What do we do when the worst happens?
This isn’t New Zealand, they said when the news broke.
Of course, it is, because it happened here.
It can happen anywhere. It’s happened in almost every town I’ve lived in at one point or another, now. But New Zealand is seen as a haven, a too-good-to-be-true Hobbiton in the eyes of the world, a fantasy which often ignores our very real problems.
But it shouldn’t happen here. Our country has never, ever had a mass shooting of the kind that claimed 49 lives so far in the Christchurch mosques, people who were born in New Zealand, people who came to New Zealand from all over the world to find better lives. Having lived here nearly 13 years now, I can say that this is a kind, open-hearted nation for the most part. “They are us,” said our Prime Minister Jacinda Ardern, and they are.
A few thousand of us came together in Aotea Square in downtown Auckland today to mourn in the hot sun, to show these racist white supremacist shitheads out there that we are better than them.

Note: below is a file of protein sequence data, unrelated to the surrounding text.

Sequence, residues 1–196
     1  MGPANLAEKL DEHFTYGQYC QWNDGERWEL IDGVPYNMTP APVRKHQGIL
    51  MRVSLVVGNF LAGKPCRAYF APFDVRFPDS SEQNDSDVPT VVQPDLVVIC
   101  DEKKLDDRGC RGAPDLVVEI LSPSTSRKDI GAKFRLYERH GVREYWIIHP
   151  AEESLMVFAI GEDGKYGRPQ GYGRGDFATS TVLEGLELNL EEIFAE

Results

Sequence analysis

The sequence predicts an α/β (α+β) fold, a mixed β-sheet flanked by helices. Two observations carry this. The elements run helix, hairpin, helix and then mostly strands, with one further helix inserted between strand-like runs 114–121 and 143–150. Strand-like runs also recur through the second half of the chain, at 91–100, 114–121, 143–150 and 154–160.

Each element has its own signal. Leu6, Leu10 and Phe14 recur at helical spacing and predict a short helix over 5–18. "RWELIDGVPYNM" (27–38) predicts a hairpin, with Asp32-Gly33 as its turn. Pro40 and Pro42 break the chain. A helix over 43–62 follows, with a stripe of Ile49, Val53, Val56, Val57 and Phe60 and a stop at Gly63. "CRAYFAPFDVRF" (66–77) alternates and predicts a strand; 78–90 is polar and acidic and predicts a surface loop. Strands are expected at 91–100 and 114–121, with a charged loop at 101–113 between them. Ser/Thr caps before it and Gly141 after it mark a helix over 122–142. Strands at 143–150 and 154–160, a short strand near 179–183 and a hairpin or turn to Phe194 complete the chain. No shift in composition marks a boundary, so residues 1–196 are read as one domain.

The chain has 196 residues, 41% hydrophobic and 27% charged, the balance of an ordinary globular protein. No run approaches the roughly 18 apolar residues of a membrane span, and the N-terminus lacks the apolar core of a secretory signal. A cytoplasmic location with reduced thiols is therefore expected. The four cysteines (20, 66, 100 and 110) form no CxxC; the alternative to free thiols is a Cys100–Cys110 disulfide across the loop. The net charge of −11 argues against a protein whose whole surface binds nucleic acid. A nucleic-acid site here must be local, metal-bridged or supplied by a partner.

I fear that the internet has reached its final singularity as the world’s greatest propagator of hate speech, a never-stopping infernal engine that amplifies, accelerates and agitates all that is the very worst about the human spirit. I wish I knew what to do about it.
What do we do when the worst happens? I haven’t a bloody clue, to be honest, but I know that gathering with a thousand or two other people who cheer New Zealand’s swirling, ever-changing diversity and who understand there’s room on this planet for all kinds of races and creeds made me feel a little better, if only for a moment or two.